By day, J. Gregory Sidak teaches at the Georgetown University Law Center and consults for Criterion Economics, which he founded.
Recently, Dr. Sidak submitted to the Federal Communications Commission the last of several declarations opposing approval of the plan by radio satellite provider Sirius to buy its sole competitor, XM. He summarizes his conclusions in an online National Review article.
Blawgletter couldn’t help noticing that, in the third supplemental declaration, Dr. Sidak presses a startling charge:
[A] serious antitrust problem facing XM and Sirius . . . has escaped notice in analysis of the proposed merger by journalists and equity analysts, and in public comments filed at the FCC. Professor Sidak explains that XM’s and Sirius’s public statements that they will not provide channels on á la carte basis unless the government approves their merger is a breathtaking admission of critical antitrust significance. "It is an agreement not to compete over the pricing and unbundling of currently bundled content," he explains. "Rarely do price-fixing cases contain such conclusive evidence of a meeting of the minds between two competitors to refrain from competing with one another."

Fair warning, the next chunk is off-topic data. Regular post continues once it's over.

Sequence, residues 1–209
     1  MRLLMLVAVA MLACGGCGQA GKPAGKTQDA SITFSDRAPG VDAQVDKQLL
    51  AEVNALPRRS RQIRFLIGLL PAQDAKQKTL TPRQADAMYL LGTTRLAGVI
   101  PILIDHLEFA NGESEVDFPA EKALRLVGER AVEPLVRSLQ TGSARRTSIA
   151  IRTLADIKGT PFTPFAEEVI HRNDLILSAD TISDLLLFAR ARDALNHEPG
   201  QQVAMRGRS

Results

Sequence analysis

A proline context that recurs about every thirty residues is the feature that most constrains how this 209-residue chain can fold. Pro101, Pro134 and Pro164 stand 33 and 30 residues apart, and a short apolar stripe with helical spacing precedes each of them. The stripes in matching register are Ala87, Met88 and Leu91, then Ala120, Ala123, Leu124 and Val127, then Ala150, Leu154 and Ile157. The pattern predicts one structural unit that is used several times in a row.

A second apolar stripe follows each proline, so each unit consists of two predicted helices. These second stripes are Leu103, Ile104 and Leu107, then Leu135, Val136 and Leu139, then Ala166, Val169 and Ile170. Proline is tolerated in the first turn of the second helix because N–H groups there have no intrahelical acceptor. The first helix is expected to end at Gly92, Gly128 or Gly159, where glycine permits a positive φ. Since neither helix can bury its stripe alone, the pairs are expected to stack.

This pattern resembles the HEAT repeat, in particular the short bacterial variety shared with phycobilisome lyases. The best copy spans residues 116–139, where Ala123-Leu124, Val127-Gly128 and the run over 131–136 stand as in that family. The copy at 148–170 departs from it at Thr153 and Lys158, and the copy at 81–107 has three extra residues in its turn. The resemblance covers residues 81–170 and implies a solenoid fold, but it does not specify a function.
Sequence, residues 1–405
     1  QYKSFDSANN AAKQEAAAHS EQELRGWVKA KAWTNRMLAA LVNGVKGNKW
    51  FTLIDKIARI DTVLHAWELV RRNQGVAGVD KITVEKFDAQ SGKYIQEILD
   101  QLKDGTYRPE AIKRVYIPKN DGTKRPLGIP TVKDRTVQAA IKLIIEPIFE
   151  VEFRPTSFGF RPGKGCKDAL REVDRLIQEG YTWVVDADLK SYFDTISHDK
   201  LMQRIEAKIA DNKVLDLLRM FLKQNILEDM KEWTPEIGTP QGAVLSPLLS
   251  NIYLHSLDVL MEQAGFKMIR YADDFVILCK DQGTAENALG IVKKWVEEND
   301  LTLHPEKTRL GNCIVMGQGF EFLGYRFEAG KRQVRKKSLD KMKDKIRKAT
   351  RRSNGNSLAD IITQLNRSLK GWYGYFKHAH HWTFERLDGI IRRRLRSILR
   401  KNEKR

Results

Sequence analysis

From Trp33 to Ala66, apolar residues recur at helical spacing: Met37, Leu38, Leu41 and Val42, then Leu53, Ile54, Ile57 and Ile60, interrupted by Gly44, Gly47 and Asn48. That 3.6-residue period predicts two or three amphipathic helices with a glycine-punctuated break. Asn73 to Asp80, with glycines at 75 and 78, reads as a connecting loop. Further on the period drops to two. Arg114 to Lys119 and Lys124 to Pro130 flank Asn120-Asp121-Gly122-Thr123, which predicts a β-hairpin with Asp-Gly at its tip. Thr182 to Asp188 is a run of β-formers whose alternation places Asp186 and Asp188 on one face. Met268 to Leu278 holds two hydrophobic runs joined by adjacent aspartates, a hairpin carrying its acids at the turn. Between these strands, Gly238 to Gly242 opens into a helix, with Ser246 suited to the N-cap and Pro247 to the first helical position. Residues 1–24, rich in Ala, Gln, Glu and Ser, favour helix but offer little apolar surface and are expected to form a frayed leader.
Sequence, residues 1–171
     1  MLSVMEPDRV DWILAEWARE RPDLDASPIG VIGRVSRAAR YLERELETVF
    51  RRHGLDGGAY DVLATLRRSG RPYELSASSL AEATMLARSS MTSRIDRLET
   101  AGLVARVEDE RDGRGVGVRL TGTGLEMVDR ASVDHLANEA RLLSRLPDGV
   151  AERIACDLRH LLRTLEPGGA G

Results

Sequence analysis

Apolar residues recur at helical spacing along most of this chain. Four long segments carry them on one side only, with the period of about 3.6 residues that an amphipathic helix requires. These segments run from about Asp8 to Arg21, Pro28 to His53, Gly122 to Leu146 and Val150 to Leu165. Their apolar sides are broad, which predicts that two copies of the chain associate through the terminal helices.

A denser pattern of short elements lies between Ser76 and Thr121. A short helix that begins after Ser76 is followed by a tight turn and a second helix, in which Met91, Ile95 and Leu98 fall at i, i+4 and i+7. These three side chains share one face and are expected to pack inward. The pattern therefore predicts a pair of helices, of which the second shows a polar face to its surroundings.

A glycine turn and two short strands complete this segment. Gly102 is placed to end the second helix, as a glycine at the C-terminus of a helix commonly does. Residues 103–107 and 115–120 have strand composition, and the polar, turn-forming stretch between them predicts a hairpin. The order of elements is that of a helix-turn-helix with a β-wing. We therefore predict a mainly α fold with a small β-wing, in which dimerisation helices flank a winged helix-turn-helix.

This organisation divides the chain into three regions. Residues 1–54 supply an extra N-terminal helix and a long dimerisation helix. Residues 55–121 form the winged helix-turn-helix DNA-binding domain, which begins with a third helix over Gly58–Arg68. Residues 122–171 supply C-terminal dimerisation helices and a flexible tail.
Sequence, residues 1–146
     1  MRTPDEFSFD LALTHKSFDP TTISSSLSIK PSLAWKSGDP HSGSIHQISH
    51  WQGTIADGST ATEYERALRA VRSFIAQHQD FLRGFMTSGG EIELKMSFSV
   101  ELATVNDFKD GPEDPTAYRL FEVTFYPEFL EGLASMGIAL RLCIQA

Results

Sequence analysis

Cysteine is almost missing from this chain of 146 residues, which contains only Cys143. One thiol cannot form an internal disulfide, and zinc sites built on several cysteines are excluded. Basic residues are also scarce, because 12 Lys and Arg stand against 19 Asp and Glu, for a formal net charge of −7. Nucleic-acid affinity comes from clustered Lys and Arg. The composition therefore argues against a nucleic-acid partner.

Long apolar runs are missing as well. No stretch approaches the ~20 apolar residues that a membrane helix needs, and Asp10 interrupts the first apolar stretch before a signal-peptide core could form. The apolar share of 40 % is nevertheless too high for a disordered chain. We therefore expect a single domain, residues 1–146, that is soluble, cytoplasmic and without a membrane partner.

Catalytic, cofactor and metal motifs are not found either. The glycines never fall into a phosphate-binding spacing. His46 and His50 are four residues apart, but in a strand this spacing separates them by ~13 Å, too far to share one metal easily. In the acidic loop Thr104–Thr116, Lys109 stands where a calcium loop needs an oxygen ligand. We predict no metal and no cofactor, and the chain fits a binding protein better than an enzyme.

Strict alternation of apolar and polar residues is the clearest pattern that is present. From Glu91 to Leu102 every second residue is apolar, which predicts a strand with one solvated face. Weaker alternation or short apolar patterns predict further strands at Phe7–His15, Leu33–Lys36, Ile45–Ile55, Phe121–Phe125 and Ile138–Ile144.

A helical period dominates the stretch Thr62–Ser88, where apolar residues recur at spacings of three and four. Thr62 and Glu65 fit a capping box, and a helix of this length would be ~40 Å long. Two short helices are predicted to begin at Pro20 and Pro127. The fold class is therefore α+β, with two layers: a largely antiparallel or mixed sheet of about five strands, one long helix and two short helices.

But we wonder: Competitors in a duopoly agreeing not to compete? Plausible. Quite. Conspiring publicly — indeed, using the government itself as the vehicle for committing felony? Emm, ur, let us think about that one.
[Several hours pass.]
Okay. We believe it. Why? Because we think that deregulation in telecommunications has forced what once went on in private out into public view. The FCC retains an oversight role, but the good old "filed rate doctrine" no longer provides complete cover for anticompetitive conduct on which regulatees develop a Vulcan mind meld through the alchemy of announcing, filing, amending, and supplementing tariffs.
Like Poe’s The Purloined Letter (1844), they hide in the open.